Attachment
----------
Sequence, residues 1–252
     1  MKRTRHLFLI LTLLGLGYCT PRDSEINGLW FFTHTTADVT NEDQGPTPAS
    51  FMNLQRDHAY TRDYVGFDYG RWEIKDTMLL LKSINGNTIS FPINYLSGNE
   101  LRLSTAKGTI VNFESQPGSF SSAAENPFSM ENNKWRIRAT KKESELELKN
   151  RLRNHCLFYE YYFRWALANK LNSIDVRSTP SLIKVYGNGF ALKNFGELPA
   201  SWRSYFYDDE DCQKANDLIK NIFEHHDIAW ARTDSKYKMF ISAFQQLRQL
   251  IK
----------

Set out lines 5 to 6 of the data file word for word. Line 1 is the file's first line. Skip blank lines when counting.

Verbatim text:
   151  RLRNHCLFYE YYFRWALANK LNSIDVRSTP SLIKVYGNGF ALKNFGELPA
   201  SWRSYFYDDE DCQKANDLIK NIFEHHDIAW ARTDSKYKMF ISAFQQLRQL